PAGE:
Australia’s ‘rule of law’ system leaves millions unprotected: Part 2Jan 19, 2021
Part 1 discussed the role of law-makers (parliamentarians) and law-implementers (public servants). Part 2 discusses the role of law-interpreters (judges) and law-enforcers, including a non-regulating regulator, Comcare.
Law-interpreters – often protective, occasionally not
In a 1992 High Court case, the judges’ interpretation of the Migration Act 1958 (Cth) severely reduced protections available to boat-borne asylum seekers. The case was Chu Kheng Lim v Minister for Immigration, Local Government and Ethnic Affairs and Another (1992) 176 CLR 1. (Commonwealth Law Reports; Volume 176, page 1.)
Mr Lim and his co-plaintiff were Cambodians who had arrived by boat in 1989 and 1990. Their asylum claims were rejected so they had sought judicial review of the decisions and asked the High Court to release them pending the review hearing.
But two days before their case was due to start, the law-makers (Paul Keating’s Labor government) drastically amended the Migration Act to tightly control visa-less people who came by boat.
As a result the full High Court had to interpret new key sections, which decreed that all “designated persons” (effectively ‘boat people’) without a visa or entry permit must be detained until they are deported or granted an entry permit. (Thus the two plaintiffs stayed detained.)
By contrast, under the ‘old’ law, only 5% of asylum seekers (478 out of 23,000) were then being held in detention. Yet the majority judges held that detention was “necessary” – or “reasonably capable” of “being seen as necessary” – “to enable an application for an entry permit to be made and considered”.
In her book Making Migration Law, Eve Lester argues that Lim destroyed two protections for ‘boat people’. (Lester was the instructing solicitor in the Lim case.)
First, by saying that designated persons must be detained, Lim-accepted amendments created “decision-less” detention – obliterating the detainees’ right to seek judicial review of an individual decision (by an Immigration Department staffer) to detain them.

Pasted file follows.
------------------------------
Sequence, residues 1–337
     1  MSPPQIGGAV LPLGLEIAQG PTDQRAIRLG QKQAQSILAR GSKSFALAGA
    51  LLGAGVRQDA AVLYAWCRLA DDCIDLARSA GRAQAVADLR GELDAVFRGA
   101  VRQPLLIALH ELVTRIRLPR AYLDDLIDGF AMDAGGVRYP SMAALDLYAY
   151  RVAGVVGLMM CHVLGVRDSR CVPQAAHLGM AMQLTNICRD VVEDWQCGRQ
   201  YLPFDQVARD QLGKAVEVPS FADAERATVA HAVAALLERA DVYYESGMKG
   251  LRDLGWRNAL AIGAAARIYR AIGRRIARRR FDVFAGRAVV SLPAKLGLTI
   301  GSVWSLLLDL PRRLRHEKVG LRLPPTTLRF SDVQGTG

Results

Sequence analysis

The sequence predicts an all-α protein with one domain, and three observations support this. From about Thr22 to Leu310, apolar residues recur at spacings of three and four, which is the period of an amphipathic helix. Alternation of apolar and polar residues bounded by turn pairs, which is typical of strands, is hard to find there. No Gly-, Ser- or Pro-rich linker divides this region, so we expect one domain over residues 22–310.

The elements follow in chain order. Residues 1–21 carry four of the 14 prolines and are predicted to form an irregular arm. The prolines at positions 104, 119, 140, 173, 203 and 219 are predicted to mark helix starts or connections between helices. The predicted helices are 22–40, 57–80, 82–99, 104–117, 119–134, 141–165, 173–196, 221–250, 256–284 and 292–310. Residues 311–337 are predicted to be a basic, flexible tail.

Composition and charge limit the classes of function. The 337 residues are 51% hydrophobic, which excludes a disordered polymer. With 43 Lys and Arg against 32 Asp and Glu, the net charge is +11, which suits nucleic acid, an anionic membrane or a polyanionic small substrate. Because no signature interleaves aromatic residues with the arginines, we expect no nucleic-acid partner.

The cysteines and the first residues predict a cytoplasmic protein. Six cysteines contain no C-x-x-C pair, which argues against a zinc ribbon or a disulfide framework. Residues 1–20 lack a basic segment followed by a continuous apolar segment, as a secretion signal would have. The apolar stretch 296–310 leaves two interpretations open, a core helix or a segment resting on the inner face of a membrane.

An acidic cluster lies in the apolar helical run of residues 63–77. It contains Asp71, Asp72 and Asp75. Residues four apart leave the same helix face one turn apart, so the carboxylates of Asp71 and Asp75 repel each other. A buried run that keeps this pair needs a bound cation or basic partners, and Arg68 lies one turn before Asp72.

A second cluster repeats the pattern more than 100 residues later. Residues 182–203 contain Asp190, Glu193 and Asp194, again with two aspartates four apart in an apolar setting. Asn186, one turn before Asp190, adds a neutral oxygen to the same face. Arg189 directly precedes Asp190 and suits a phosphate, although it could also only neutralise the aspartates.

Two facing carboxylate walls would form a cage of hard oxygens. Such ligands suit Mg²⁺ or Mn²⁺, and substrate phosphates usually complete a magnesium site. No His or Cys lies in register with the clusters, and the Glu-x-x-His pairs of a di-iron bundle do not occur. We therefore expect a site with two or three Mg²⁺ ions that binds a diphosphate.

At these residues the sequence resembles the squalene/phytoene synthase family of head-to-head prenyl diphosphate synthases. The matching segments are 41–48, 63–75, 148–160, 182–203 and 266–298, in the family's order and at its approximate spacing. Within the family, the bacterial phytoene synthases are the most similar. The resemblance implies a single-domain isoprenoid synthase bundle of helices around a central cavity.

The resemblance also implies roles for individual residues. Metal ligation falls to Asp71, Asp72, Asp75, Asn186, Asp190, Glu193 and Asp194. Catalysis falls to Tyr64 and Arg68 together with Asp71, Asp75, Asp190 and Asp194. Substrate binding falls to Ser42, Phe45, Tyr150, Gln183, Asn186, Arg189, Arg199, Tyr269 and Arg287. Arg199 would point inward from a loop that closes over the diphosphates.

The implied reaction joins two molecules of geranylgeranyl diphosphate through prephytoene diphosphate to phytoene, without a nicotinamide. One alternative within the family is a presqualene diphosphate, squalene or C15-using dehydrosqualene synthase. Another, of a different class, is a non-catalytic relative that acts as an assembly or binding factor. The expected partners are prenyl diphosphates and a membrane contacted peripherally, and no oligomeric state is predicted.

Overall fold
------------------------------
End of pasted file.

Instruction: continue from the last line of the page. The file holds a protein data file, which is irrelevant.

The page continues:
Second, despite the then-current 5% detention rate of visa-less people, detention would in future be mandatory for all if they were ‘boat people’.
Unaccountably, “no insight was offered [by the judges] into the meaning of ‘capable of being seen’ (by whom?) as ‘necessary’ … Nor is light shed on how detention was ‘necessary’ to ‘enable’ an application to be made and considered.”
Law-enforcers – protective? Not if the regulator doesn’t regulate
As Part 1 noted, work health and safety law-enforcers issue improvement notices far more often than they prosecute. Federal WHS regulator Comcare hardly does either.
Data for 2017–18 in Safe Work Australia’s “Comparative Performance Monitoring Report, Part 2 – January 2020” show (at p 14) that of 40,691 improvement notices issued by regulators nationwide, NSW issued 9,210 and Victoria 15,170, while “Aus Gov” (Comcare) issued 24. (None was issued to Home Affairs.) Even the geographically tiny ACT jurisdiction issued 205. Of 266 successful prosecutions nationwide, NSW ran 59, Vic 116, the ACT 2, and Aus Gov 0 (p 16).
Comcare’s record as a total non-enforcer regarding detainees in Immigration facilities is indicatively evidenced by the concluding paragraphs – see below – of submission 75 (by Robert Richter QC and me) to a 2019 Senate Committee examining the government’s ‘Medevac repeal’ bill. (To aid narrative ‘flow’, paragraph sequences are altered and paragraphs 5.19 to 5.22 slightly re-written.)